Understanding how to navigate the complex world of Search Engine Optimisation (SEO) is vital to any museum or cultural venue looking to expand reach and drive online engagement.
Over the past two decades, technology has advanced at what feels like lightning speed. From hardware innovations like the iPhone to the software revolution initiated by cloud computing, there are certain aspects of society that seem unrecognisable from how they were in the 20th century.
In this modern world of online tools and digital dependence, we are all aware that an effective web presence is a valuable tool in any sales and marketing effort. And, at the heart of all this, are three little letters with a big impact: SEO.
Search Engine Optimisation is the term used to describe the challenge that a website faces when trying to gain exposure. In order to gain “organic” visitors, websites must jump through a series of hoops (over 200 factors are taken into account) as set by Google, Bing and other search engines in order to rank highly for a particular search term . . . such as Museums in Paris, for instance.
Once an organisation has mastered the art – or perhaps we should say, science – of SEO, the result is a prominent position on page 1 of Google’s search results and a surge in subsequent web traffic.
While paid advertising, email marketing and social media activity can drive a substantial portion of a museum’s traffic, there is no doubt that organic traffic is king for the majority of institutions looking to attract eyeballs.
But how does SEO work, and what is it that gets a museum climbing its way up the Google rankings? Understanding SEO is the difference between chasing vanity traffic and establishing a museum as a leader in its field.
Keywords, crawling and creating content for Museums
Crawlers are tools used by search engines to move through websites looking for people’s search terms, which take the form of keywords. These keywords are vital for improving your search engine ranking and placing your higher on the results list. In the most simplistic terms, keywords are how search engines decide that your content is relevant to the searcher. These phrases can be used in headings, titles, meta data and URLs, as well as in the body of the text on a given web page.
Websites can rank for broad keyword searches like “museums” or “galleries”(although the competition is tough) but they can also target what are known as ‘long tail’ keyword – i.e. terms that are more specific in order to reduce competition and narrow down the field of interest. An example of a long tail keyword search might be “Railway museums in Manchester” or “VR exhibitions about Van Gogh”.
As well as keywords, links are also pivotal to SEO. Website links can take three forms:
- Inbound links: when a third-party site features a URL that links back to yours.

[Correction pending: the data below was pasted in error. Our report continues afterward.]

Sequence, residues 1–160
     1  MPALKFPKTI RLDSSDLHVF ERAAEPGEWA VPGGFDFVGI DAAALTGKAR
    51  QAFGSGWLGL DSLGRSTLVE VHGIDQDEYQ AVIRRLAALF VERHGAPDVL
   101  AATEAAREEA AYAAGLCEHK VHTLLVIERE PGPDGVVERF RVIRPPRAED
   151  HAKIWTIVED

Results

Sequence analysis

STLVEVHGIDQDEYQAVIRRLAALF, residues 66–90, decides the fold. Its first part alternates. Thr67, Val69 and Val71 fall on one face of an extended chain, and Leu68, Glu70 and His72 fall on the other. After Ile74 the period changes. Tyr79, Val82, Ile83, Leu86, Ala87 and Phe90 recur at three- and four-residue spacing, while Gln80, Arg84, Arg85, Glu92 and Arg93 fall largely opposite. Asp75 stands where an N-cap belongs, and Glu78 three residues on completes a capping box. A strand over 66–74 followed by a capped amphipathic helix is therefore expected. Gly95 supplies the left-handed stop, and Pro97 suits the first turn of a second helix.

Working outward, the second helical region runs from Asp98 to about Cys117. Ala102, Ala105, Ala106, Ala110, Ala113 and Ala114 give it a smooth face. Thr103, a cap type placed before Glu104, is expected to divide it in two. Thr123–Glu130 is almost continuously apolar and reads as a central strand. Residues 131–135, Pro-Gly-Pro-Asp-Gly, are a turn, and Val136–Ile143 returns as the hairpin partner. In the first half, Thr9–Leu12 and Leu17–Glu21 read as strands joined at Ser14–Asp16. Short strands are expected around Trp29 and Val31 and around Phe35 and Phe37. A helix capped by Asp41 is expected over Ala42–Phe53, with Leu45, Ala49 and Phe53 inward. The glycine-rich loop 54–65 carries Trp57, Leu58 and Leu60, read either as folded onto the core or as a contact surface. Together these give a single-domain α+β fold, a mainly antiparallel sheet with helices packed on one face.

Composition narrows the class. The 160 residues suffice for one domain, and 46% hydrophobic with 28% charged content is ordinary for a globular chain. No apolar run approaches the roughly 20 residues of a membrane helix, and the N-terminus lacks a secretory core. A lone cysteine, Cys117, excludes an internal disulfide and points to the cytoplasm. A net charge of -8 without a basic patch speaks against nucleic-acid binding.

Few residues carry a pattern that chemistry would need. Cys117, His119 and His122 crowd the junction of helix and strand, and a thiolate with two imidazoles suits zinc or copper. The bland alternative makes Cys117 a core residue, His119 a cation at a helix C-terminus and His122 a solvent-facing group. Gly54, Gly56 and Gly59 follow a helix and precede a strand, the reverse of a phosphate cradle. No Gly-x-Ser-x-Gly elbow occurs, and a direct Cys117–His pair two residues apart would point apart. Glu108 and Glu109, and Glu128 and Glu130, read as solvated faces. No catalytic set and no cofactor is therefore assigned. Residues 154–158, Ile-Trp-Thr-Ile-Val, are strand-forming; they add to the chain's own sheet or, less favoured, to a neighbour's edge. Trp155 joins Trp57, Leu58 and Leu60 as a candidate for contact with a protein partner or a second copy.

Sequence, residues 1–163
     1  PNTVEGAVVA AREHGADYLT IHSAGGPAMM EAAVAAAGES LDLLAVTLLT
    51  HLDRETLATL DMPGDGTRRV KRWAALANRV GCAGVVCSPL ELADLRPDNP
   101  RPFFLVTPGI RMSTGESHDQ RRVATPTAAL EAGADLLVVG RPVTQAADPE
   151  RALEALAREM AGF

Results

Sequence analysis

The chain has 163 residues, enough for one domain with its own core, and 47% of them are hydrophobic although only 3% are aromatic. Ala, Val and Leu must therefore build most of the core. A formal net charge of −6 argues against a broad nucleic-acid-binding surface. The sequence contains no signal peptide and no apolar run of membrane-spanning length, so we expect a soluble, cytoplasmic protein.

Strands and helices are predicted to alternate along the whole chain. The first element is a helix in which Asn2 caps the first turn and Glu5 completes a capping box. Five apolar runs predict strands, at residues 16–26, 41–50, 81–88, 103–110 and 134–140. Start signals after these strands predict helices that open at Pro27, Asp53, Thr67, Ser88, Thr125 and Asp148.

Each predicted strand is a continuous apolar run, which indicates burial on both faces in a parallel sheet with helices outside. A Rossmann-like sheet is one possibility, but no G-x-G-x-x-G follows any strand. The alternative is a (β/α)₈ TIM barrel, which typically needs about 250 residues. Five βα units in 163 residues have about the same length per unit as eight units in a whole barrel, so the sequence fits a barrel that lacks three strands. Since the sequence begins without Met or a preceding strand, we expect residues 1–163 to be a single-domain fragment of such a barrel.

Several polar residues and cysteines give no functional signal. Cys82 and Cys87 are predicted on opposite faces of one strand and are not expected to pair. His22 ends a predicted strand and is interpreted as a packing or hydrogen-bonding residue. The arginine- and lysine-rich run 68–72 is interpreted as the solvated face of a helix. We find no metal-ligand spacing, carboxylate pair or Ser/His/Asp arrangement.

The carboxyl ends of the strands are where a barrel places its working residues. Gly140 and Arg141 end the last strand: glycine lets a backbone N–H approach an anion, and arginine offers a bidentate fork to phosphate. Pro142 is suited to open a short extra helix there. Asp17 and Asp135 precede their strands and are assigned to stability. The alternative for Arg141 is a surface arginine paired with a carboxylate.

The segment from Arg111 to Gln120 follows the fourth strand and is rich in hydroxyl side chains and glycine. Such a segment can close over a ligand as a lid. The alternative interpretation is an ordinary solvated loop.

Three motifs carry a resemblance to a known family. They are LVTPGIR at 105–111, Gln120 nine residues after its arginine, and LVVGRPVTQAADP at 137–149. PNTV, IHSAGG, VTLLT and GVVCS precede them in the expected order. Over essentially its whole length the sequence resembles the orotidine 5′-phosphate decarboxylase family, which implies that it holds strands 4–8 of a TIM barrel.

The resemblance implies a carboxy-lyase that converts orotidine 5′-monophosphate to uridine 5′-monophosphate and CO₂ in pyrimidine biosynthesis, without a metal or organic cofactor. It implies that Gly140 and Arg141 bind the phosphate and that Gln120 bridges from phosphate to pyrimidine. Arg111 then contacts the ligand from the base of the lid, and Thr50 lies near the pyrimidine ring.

- Internal links: when a link on your website takes you to another page, also on your website.
- Outbound links: when a link takes the user from your website to another.
All of these are important for creating a user journey, and showing search engines that your content is worthwhile, naturally created and useful to the end user.
The importance of authenticity
Reading the above, those who are new to SEO would be forgiven for thinking it’s simply a matter of drowning your website in keywords and watching the traffic roll in. However, search engine algorithms are cleverer than that, and they can tell the difference between genuinely informative content, and clickbait designed to draw people in.
What’s more, web traffic quality is essentially irrelevant if everyone who enters the museum site bounces off as soon as they realise it isn’t providing anything of value. This is why natural and authentic content is still essential to successful SEO efforts.
The same is true for links. While it may be tempting to agree to any and all inbound link opportunities, it’s important to ensure that any partner-linking is authentic and valuable for both museums and their visitors. If museums wish to be seen as cultural leaders, they need to be selective about who they partner with.
All of this simply hammers home the importance of striking a balance between ticking SEO boxes and offering worthwhile content for digital visitors. South Wales Miners Museum, for example, achieves this balance through specificity, providing content about the industrial heritage of the Afan Valley rather than trying to appeal to more general tourists.
Tools like Moz Keyword Explorer and GetKeywords can be used to monitor the success of SEO efforts, while Google Analytics provides insight into who, when and how people interact with a website.
Whether through clicks, bounce rates or time spent on certain pages, by analysing the success of SEO along the way, museums can adapt and alter their methods and content in order to reach the maximum number of relevant parties.
Interested in learning more about SEO for Museums in 2022? Try this article.
About the author – Tim Deakin
Tim Deakin is a journalist and editorial consultant working with a broad range of online publications.